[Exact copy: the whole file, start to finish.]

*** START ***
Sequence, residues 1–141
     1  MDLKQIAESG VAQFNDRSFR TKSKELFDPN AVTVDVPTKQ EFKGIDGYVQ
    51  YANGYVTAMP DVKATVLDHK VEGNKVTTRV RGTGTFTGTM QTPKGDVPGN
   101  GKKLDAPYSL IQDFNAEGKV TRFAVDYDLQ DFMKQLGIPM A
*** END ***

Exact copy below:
Sequence, residues 1–141
     1  MDLKQIAESG VAQFNDRSFR TKSKELFDPN AVTVDVPTKQ EFKGIDGYVQ
    51  YANGYVTAMP DVKATVLDHK VEGNKVTTRV RGTGTFTGTM QTPKGDVPGN
   101  GKKLDAPYSL IQDFNAEGKV TRFAVDYDLQ DFMKQLGIPM A